Each month Abington Library will feature a favorite book from a faculty, staff member, or student. They will give a brief synopsis of their chosen book.
Teddy Davis is Dean of Arts & Humanities/Associate Professor of Social Sciences at ASU-Beebe
Book Review By: Teddy Davis
The Auschwitz Photographer: The Forgotten Story of the World War II Prisoner Who Documented Thousands of Lost Souls
By: Luca Crippa and Maurizio Onnis – Sourcebooks 2013
The Auschwitz Photographer is the story of Wilhelm Brasse, prisoner number 3444. Brasse, a native of Poland, was sent to Auschwitz in 1940, at the age of 22. When Germany invaded Poland, Brasse was given the opportunity to join the German Army because he could speak German. He refused and was then sent to Auschwitz-Birkenau prison.
Prior to his internment, Brasse had been a portrait photographer in Poland before the war. When the Schutzstaffel, also known as the SS and Adolf Hitler’s personal bodyguard unit, learned of his photography skills they enlisted him to take identification photographs of prisoners as they entered the prison. When they saw his portrait skills, in addition to the identification photographs he was also ordered to take other photographs around the camp and was even ordered to take photographs of German Officers. Eventually, he was ordered to document through his photographs some of the medical experiments of Dr. Josef Mengele and Dr. Eduard Wirths.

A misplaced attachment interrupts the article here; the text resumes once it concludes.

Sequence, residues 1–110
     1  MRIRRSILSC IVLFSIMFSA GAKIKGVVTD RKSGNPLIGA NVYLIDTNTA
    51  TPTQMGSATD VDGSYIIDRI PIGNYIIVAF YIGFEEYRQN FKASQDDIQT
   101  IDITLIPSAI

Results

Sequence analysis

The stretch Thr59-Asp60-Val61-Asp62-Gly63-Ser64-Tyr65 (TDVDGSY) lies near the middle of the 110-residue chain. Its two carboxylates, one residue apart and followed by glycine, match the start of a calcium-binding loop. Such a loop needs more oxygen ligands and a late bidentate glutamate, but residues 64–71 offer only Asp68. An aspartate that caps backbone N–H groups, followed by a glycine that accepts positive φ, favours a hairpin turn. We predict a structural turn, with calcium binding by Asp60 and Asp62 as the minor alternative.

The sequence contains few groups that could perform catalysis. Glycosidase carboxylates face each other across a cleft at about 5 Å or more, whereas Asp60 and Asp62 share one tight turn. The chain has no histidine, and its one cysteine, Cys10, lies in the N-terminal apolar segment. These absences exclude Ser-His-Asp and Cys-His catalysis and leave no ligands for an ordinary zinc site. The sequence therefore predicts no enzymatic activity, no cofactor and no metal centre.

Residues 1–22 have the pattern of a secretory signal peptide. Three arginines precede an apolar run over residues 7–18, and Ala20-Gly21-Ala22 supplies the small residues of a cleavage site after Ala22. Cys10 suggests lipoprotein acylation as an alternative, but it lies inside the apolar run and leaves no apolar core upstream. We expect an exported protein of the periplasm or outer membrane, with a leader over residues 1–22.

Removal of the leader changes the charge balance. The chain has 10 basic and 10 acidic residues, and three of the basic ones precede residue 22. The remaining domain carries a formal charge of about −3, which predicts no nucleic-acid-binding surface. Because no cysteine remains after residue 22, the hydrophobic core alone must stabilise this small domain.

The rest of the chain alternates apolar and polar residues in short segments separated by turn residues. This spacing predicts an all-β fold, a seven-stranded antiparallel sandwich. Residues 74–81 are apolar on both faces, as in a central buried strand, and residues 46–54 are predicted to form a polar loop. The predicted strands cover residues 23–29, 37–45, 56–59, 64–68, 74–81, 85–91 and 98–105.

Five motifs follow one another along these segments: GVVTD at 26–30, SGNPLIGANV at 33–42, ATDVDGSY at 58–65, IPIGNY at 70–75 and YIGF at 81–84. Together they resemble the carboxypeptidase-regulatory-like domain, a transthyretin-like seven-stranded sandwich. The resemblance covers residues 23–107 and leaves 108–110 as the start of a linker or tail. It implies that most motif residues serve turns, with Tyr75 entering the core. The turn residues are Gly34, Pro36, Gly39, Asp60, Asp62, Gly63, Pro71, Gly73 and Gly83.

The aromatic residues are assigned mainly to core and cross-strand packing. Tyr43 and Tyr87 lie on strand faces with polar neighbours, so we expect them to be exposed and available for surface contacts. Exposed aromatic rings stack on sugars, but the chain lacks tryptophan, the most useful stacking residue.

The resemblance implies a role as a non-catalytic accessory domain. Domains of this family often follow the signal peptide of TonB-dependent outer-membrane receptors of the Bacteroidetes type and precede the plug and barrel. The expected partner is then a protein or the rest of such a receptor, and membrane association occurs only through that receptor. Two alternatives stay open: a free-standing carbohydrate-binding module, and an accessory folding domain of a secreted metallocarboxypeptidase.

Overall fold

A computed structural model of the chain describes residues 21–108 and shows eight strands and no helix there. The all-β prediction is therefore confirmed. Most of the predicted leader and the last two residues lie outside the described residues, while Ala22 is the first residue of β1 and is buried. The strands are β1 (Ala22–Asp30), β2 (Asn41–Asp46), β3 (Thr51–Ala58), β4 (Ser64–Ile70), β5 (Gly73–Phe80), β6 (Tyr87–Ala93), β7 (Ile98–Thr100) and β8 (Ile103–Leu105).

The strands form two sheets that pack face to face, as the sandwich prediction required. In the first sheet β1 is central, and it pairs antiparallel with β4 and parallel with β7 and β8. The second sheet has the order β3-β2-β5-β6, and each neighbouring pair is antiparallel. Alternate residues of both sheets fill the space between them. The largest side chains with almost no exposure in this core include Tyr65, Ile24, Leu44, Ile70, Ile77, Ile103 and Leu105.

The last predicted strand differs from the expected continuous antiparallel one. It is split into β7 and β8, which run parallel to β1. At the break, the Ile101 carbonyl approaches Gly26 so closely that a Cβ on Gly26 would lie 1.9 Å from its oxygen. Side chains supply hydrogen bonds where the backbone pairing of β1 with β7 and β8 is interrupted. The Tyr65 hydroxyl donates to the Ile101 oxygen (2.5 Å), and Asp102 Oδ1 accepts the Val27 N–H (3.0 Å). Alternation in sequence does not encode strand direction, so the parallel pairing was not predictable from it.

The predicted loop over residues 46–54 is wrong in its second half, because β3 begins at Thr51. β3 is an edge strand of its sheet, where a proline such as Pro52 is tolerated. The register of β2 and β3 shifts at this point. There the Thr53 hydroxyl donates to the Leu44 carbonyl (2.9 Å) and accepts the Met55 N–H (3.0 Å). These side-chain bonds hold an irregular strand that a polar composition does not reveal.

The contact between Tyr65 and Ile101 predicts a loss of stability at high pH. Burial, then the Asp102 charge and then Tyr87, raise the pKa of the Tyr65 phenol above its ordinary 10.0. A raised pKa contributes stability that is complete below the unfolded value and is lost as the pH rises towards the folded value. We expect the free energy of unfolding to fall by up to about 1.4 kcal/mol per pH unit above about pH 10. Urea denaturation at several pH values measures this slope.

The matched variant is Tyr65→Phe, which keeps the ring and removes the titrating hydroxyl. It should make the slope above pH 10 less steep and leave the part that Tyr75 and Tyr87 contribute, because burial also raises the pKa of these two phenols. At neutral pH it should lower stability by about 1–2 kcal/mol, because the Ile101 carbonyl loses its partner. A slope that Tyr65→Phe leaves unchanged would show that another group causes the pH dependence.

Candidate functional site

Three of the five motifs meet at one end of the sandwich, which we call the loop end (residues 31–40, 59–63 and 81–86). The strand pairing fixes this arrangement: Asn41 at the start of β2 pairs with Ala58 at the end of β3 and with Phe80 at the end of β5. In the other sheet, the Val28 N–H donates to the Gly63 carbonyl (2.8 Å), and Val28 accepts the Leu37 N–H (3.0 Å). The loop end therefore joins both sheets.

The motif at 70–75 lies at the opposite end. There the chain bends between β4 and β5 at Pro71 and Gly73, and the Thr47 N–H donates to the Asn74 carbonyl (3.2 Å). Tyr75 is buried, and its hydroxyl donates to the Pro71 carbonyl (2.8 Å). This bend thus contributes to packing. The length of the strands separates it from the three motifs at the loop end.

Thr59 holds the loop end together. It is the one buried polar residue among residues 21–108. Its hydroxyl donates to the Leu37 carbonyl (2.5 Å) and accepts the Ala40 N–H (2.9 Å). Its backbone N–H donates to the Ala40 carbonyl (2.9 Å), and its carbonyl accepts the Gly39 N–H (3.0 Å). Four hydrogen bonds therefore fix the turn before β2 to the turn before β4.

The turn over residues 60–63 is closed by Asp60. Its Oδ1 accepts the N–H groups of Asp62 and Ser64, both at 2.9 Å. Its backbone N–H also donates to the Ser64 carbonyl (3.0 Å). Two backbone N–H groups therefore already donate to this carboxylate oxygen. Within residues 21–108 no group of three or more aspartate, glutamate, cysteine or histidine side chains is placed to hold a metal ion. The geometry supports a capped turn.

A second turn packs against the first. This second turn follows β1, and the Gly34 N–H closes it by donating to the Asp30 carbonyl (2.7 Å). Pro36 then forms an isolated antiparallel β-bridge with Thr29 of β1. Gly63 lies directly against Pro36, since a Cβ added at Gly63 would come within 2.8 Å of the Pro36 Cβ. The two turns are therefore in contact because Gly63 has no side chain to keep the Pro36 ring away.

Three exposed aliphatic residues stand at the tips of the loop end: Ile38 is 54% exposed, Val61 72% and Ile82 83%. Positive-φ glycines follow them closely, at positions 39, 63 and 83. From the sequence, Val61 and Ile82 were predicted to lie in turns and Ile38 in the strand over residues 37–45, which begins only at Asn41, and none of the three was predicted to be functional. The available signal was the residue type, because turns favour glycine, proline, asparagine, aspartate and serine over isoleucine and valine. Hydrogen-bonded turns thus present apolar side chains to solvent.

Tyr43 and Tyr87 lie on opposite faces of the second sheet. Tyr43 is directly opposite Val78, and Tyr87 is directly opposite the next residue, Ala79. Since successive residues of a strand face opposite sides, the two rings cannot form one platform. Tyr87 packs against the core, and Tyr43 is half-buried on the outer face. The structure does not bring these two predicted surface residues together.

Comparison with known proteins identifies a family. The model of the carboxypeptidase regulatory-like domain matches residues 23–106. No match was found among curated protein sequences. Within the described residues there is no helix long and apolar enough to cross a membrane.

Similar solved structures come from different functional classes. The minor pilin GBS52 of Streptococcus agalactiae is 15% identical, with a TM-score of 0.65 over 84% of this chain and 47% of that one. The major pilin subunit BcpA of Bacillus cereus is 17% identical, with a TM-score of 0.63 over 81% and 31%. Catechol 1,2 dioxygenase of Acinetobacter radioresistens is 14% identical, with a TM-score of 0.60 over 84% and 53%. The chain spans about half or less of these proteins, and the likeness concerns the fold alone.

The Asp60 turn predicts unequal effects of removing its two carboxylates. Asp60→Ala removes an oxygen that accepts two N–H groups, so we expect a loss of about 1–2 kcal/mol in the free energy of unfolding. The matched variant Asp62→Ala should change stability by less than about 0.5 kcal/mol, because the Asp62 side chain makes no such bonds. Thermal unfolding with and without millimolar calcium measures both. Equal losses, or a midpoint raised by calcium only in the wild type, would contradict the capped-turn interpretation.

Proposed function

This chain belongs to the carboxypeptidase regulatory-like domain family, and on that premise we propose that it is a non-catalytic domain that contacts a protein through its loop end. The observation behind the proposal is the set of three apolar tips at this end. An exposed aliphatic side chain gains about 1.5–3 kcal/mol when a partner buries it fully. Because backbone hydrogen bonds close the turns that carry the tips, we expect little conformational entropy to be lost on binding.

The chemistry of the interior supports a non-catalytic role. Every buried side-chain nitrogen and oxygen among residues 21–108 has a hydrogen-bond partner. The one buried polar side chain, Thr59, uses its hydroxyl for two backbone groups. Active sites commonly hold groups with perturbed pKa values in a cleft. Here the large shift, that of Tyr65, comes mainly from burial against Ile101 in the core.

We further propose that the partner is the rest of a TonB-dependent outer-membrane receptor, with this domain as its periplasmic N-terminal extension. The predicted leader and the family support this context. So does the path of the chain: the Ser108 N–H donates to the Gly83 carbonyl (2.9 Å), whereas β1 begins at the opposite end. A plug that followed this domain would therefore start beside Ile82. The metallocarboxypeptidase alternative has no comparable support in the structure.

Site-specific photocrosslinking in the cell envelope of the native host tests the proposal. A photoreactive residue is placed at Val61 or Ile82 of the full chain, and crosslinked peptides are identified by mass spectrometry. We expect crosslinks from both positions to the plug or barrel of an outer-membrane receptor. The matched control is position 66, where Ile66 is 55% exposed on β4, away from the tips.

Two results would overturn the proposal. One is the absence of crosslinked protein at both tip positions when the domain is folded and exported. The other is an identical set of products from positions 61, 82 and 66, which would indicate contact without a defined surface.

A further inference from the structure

From 1940 to 1945, Brasse took close to 50,000 photographs. Working long hours 7 days a week he documented many of the horrors of Auschwitz. This work kept him alive and sane as he worked to give people in their last days some dignity through his portraits of them.
As the war drug on Brasse became involved with the camp Resistance movement faking documents and trying to smuggle images to the outside world. As Soviet troops moved toward the camp to liberate it, Brasse was ordered by SS troops to destroy his photographs, he refused. Instead he and another prisoner scattered negatives, photographs and rolls of film all over the photography studio to make it difficult for the SS to take everything. The next day he sat and waited to be killed for what he had done. But the SS officers in charge of the Identification Service never returned to the studio. They had already fled the camp.
Because of his photographic skills Brasse survived to be liberated. Wilhem Brasse returned to his native Poland and lived to age 94. He tried to take up photography again but found that his heart was just not in it anymore. He married and had two children and lived a quiet life.
The Auschwitz Photographer is an intimate and personal perspective on a time in history which must never be forgotten or denied. Brasse’s photographs serve as further evidence of a time and place in history that unfortunately was all too real. People should read this book to honor the memories of the thousands of individuals – men, women, children, young and old, who lived out their final days in this place.